We have our frequency sir, but outside, it’s like there’s no one there.
—Sara (Princess Lucaj), “Pilot”
We got trouble.
—Hawkins (Lennie James), “Fallout”
Jake (Skeet Ulrich) has been “around.” That’s exactly the way he describes his five-year absence from Jericho, Kansas, the small town where his folks still live. When pressed for a more specific answer (“Jake, no one’s been around for five years”), he offers a few, different for each interlocutor: he’s been in the army, the navy, maybe even minor league baseball.
The profession of military service impresses the adults who want to know where their Jake has been, and fits a vague mood established during the first minutes of the Jericho‘s pilot episode, when Jake’s car radio makes the kind of background noise that no one pays much attention to: “Security is high on Capitol Hill,” says a reporter as Jake drives by a shop advertising “Guns, Ammo & Gifts.” Pointedly, it Congress is about to hear the President “address the issue of global violence.” The report continues,
Recent attacks have pushed this administration to take extreme action, raising more fears than it is alleviating. With global tension rising, the president is taking a risky step, by confronting what political observers…
The radio cuts off as Jake parks and greets an old buddy, leaving you to guess just what those “observers” might be calling the president’s gambit. The world is precarious, no doubt, but as leaders and reporters yap on and on, the majority of their supposed listeners remain distracted, distressed, perpetually flummoxed by their own efforts to pay rent, move on, or resent hell out of their circumstances.
And then comes the trouble. A lot of it.
The premise of Jericho is post-apocalyptic, so Jake’s brief return and departure—including a disagreement with his dad, Mayor Johnston Green (Gerald McRaney) and an agreement to keep secrets with his mom Gail (the awesome Pamela Reed)—is almost immediately subsumed by a grand demonstration of just how devastating the effect of these external forces might be. Jake is headed back to San Diego, his ex Emily (Ashley Scott) is awaiting her banker fiancé‘s arrival on a plane, and a school bus full of cute little kids is coming home from a field trip. The camera cuts from one innocent victim to another, finally showing a small boy climbing to a rooftop so that he might gaze off in the distance where—blam—a mushroom cloud has decimated Denver.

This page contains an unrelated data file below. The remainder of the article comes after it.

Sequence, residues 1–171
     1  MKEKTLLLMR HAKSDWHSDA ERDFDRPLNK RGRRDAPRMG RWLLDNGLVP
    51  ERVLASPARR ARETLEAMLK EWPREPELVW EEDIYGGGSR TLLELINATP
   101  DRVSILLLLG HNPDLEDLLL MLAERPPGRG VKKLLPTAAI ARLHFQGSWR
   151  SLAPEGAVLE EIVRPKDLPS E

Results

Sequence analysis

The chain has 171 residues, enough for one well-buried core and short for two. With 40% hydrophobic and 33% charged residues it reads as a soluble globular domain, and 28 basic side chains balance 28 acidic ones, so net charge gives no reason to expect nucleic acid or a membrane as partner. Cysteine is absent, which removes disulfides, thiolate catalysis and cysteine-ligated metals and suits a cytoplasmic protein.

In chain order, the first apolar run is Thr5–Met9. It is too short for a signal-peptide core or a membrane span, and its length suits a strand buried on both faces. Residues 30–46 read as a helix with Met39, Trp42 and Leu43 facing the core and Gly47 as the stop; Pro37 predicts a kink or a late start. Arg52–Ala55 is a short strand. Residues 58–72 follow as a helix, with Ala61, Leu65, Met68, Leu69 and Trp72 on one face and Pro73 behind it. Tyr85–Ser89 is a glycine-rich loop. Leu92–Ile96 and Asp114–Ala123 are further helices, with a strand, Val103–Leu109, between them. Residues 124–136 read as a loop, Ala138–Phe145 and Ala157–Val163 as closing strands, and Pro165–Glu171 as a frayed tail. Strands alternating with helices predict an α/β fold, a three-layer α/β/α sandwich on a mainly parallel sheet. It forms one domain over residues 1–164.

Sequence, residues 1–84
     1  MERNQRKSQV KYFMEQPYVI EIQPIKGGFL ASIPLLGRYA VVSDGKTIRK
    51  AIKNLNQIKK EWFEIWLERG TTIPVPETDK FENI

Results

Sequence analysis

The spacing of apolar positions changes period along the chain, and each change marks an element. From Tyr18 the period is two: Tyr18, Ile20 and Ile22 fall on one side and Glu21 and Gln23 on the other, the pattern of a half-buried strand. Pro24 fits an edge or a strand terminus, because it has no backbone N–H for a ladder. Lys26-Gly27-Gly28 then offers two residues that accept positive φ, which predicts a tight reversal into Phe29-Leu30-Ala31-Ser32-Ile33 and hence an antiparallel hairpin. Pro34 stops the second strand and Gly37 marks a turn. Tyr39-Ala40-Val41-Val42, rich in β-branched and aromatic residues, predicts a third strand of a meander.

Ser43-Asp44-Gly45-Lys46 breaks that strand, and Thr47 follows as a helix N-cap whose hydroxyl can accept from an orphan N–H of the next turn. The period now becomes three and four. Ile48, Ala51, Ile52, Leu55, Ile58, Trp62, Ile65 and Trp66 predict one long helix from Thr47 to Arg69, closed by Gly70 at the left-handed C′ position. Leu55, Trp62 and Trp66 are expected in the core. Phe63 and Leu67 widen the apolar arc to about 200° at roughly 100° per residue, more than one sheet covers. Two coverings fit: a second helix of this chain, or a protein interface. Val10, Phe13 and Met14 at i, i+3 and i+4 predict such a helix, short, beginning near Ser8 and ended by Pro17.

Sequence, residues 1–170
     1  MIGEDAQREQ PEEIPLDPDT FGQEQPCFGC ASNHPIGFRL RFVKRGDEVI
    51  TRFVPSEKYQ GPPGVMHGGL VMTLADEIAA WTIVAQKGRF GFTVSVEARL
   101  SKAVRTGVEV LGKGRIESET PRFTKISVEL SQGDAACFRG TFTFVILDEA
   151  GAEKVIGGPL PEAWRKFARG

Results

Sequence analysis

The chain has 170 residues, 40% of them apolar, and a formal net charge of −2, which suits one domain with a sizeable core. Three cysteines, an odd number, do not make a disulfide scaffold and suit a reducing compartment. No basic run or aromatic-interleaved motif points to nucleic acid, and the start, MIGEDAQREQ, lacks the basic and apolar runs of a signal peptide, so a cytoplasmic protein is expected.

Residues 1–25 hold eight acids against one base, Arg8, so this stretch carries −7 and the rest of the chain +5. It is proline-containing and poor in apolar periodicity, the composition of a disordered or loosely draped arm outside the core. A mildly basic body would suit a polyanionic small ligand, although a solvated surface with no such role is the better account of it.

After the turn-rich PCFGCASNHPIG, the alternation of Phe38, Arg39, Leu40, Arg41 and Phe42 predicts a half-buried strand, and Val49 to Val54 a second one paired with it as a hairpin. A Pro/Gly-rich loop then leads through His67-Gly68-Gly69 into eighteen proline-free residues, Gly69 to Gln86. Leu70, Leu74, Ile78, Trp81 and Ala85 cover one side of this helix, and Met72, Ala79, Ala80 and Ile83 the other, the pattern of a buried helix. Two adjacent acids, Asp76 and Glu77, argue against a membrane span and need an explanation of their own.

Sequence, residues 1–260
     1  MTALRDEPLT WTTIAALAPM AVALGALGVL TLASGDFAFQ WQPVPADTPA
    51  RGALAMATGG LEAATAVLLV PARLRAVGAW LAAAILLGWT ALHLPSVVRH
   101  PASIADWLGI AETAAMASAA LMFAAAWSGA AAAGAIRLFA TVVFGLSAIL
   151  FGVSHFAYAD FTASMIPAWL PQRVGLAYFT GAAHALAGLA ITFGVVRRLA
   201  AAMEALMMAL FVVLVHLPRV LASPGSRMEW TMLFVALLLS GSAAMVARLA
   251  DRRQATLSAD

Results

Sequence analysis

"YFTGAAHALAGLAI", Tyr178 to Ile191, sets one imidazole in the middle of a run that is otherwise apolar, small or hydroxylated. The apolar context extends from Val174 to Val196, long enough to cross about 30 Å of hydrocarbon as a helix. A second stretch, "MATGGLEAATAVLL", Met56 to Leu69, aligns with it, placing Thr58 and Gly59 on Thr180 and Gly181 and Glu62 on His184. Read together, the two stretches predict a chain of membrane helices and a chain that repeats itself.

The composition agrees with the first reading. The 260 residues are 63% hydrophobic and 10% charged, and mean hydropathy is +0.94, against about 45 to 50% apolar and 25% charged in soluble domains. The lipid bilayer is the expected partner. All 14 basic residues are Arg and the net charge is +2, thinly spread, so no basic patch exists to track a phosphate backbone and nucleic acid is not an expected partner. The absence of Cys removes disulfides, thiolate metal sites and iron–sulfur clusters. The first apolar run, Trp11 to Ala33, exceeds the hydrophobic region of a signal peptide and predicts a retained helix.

This pinkish sky is almost pretty, but the point is plain: this explosion will have immediate and continuing effects. It occurs to you that this series might be filed alongside last year’s criminally under-watched Invasion, or maybe the more ambitiously figurative crowd favorite Lost. Either way, Jericho is looking like it has lessons to dispense. For the most part, these seem arranged around the usual sorts of characters: Jake finds his way to the school bus, where he heroically saves a child’s life (with cuts to anxious children and pulsing-then-uplifting soundtrack to indicate when it’s appropriate to feel relieved: really, the music for Jericho is overwhelming). A little boy gasps at the insta-tracheotomy and asks, “How’d you learn to do that?” Ahh, says self-effacing Jake, in military school. But he wasn’t a soldier, he confesses. Instead, “I was a screw-up.”